At what age do children know they are exposed to more than one language?
At what age can children differentiate their two languages?
Does bilingualism cause language delay?
My child mixes the two languages. Is this a problem?
When should my child start to learn English?
What are the advantages and disadvantages of being bilingual?
My child is reluctant to speak my language. How can I get him/her to speak it with me?
My partner doesn't speak my language well. Should I ask him/her to stop speaking it to our children?
What are the advantages and disadvantages of French immersion?
My child is autistic. Should I switch to English?
My child has a language disorder. Is bilingualism going to be too much?
I want my children to be successful at school. What language should I speak to them?
What about three or more languages?
When is your next workshop?
Please email me to find out. You can also request a workshop or presentation in your area on a variety of topics surrounding child multilingualism for you and your friends or colleagues.
Do you do consulting for families that want to raise their children with three or more languages?
Yes. we are personally juggling four languages in our own family. While the principles and strategies are similar to those for bilingualism, there is generally more planning and effort required on the part of the parents / caregivers to instill trilingualism or multilingualism in their children. My consulting is tailored to your specific situation, including the number of languages you are considering for your children.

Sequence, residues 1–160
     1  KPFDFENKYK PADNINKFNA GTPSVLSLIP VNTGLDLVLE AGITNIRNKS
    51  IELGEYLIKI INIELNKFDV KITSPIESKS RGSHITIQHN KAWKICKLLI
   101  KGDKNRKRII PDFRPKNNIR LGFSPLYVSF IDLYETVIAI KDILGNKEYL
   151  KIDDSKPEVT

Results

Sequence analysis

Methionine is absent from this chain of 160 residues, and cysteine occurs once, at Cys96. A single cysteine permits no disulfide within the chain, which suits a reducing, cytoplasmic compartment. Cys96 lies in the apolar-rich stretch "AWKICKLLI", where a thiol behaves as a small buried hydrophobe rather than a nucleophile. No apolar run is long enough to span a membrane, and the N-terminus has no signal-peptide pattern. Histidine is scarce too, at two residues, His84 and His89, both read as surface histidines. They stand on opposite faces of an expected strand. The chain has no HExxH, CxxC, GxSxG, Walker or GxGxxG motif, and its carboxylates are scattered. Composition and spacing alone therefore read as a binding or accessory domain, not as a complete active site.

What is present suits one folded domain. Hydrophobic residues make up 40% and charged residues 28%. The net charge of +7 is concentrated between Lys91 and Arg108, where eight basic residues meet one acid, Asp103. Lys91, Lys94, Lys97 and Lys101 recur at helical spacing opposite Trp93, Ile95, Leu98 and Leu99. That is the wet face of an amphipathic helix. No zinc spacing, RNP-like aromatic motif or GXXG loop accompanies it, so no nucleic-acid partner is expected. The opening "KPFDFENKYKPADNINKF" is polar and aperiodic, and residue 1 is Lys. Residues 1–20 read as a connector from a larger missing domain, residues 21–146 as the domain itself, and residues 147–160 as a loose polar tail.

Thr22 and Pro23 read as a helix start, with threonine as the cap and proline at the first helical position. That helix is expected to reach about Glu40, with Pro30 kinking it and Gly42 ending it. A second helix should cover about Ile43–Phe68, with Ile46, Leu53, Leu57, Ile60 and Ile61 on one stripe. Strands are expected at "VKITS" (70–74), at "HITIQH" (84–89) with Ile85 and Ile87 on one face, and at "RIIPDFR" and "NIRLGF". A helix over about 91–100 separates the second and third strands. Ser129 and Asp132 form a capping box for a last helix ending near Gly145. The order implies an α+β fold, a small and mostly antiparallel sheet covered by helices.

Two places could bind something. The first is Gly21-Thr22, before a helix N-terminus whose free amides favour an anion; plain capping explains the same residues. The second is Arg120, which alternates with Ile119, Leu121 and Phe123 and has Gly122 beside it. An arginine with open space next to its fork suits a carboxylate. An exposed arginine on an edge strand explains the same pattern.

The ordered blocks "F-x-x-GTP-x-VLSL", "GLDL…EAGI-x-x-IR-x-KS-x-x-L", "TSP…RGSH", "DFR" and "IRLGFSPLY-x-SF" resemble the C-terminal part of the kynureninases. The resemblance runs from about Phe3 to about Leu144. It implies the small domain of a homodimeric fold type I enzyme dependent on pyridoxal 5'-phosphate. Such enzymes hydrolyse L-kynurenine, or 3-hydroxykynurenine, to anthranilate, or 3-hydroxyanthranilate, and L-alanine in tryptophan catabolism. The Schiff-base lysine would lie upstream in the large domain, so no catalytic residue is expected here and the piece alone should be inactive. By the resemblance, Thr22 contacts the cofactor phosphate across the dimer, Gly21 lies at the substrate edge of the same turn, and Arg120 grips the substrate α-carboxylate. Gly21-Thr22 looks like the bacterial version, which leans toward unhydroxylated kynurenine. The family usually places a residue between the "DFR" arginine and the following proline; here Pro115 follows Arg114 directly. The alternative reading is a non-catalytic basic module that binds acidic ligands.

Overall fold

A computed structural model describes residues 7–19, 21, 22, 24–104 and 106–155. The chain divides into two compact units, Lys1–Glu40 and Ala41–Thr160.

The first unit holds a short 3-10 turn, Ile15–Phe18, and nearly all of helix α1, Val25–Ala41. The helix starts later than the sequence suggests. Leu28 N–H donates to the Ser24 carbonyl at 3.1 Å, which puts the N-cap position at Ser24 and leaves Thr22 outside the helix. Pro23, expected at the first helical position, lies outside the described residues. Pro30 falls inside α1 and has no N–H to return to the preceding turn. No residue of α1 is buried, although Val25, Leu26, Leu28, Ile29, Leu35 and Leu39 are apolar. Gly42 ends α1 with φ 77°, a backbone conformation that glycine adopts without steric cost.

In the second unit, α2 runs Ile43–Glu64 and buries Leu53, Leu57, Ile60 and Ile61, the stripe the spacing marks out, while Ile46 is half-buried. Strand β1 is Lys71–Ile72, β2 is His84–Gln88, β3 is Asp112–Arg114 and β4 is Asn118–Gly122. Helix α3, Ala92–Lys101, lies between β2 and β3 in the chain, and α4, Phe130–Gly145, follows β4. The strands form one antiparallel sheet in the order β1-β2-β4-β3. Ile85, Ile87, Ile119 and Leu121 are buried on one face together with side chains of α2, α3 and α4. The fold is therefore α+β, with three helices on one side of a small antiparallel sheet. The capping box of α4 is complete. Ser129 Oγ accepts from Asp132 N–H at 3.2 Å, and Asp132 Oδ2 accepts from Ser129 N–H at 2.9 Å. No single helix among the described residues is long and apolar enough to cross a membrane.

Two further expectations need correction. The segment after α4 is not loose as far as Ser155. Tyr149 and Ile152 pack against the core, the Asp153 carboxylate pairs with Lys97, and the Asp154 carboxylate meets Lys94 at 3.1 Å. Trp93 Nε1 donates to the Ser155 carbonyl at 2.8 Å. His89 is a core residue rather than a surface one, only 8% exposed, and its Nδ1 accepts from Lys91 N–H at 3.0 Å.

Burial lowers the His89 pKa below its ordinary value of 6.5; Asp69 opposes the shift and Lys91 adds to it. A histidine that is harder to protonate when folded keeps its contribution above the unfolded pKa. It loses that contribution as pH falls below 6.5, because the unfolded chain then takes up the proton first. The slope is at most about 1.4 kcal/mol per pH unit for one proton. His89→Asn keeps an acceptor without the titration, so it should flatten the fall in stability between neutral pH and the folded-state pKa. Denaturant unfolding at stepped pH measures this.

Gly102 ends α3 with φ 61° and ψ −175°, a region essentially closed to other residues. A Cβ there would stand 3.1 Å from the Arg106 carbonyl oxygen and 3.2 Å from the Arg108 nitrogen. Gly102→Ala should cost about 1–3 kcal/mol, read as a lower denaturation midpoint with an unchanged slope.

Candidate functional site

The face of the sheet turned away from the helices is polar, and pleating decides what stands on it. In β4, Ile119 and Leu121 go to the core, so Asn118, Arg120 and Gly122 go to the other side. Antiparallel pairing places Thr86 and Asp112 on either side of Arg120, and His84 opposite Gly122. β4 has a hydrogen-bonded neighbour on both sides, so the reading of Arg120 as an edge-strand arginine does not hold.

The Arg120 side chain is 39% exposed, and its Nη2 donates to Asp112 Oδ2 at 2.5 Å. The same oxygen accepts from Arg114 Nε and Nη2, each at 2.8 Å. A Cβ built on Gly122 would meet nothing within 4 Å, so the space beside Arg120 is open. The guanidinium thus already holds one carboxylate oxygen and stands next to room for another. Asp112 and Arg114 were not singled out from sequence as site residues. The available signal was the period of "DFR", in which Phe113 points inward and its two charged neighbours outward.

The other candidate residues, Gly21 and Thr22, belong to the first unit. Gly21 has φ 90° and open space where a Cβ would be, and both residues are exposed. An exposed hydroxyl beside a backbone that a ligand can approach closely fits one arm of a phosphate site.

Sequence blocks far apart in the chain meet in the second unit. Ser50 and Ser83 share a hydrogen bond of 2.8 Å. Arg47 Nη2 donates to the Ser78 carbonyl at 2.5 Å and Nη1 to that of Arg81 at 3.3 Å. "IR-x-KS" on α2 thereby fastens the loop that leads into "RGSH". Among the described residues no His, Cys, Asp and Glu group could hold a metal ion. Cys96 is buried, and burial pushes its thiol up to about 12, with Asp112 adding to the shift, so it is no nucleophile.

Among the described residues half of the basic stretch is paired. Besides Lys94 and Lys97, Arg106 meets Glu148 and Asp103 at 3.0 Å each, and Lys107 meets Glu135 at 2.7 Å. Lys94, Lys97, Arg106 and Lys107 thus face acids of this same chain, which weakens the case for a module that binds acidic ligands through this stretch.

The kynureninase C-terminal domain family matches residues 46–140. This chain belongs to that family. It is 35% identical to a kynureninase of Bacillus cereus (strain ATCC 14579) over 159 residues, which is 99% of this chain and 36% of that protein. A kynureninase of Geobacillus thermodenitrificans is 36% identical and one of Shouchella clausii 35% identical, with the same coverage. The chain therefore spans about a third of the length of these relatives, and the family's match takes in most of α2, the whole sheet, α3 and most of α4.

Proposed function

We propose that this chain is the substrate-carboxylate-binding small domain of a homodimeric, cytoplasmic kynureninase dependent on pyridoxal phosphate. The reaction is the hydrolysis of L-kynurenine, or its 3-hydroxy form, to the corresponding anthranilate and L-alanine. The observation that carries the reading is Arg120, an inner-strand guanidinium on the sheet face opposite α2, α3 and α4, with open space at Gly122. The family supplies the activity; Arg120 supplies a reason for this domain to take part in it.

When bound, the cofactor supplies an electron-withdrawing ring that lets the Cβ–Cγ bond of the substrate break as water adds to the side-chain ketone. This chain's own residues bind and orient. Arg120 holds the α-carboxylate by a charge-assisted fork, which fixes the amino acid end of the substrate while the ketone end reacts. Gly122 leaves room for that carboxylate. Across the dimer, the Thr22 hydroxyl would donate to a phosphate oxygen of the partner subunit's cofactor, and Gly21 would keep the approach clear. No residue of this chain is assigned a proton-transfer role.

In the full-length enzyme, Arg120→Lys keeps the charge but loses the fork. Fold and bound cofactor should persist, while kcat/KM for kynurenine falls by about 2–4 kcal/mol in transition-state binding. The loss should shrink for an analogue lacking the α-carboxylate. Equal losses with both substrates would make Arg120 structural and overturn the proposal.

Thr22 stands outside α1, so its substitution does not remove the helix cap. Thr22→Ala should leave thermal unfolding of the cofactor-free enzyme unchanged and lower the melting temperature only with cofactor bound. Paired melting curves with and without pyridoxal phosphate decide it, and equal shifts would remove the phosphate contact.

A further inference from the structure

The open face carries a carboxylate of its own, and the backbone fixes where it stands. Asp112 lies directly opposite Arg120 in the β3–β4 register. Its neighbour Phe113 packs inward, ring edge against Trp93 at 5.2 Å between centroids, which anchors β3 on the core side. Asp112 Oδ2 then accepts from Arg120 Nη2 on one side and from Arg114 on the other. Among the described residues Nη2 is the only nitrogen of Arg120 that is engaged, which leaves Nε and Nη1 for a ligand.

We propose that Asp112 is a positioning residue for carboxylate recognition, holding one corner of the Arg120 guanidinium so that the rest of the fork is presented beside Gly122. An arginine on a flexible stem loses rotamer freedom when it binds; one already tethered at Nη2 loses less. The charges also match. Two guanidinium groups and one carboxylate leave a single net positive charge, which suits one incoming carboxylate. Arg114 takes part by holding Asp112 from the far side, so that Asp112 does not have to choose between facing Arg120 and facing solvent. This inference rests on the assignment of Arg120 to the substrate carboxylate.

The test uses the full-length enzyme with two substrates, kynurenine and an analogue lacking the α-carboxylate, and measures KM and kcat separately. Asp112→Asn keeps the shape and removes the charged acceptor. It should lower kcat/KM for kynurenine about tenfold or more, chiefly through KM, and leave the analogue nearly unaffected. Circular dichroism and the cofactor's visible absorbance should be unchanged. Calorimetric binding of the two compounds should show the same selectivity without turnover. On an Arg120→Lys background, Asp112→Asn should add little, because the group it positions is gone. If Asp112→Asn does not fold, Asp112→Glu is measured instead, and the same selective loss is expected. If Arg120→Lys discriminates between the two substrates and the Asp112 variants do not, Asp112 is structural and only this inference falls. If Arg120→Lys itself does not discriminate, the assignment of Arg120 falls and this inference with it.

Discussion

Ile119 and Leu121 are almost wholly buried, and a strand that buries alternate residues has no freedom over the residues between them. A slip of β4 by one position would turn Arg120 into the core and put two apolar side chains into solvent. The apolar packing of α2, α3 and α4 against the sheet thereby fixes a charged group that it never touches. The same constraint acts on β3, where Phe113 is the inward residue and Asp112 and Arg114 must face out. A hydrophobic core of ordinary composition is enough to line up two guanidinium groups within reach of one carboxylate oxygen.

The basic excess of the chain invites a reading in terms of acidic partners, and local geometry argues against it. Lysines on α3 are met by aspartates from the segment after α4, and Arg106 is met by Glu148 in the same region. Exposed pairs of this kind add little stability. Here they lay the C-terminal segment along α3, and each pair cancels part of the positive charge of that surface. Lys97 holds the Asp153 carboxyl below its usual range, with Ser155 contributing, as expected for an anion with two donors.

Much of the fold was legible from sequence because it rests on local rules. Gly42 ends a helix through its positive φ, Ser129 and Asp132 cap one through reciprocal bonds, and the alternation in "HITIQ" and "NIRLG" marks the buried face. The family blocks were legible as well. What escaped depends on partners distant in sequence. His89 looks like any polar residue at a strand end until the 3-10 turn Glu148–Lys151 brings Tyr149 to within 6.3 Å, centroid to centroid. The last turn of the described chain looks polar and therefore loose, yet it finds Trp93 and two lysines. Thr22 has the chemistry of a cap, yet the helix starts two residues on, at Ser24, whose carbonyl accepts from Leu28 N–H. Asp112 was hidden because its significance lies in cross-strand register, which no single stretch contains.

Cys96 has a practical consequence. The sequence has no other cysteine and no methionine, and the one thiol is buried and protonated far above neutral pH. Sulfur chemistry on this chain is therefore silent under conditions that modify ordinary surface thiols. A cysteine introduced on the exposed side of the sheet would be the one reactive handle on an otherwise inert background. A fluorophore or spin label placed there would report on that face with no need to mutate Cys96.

Does your consulting cover all languages or just the ones you speak?
I can assist you with any language or language combination. The principles of bilingualism and multilingualism hold for all languages and the strategies will be tailored to your specific situation.
We are not a bilingual family... Or are we?
You are a bilingual family if:
you are monolingual speakers of English but your children go to French immersion
you or your partner grew up with another language than the one you are currently speaking within the family
you are monolingual English speakers but your nanny speaks another language to your children
you speak two or more languages in your family
grandma and grandpa speak another language
My child is 6 years old and we haven't started speaking our home language to her yet. Can we still contact you?
I work with expecting parents, parents of newborn babies and parents of older children. We can discuss language strategies suitable to your situation and needs.
We don't speak another language. Can we still raise a bilingual child?
The second language does not have to come from the home, it can also come from the community you live in, a nanny, daycare, or school (e.g., French immersion), for example.
Our child is already bilingual. Should we consider French Immersion or is that going to be too much?
There is no one-size-fits-all answer to this question. For some bilingual children, adding French to the mix would be perfectly fine, for others, adding French might endanger the continued learning of one of the other two languages. What is right for your family depends on your particular situation, which languages are involved in your child's bilingualism, how much support there is for these languages in your area, how proficient the child is in his or her two languages, how many opportunities the child will have to use his or her languages, etc.
Anne Rimrott, Ph.D.
Consultant for multilingual families
Vancouver, B.C., Canada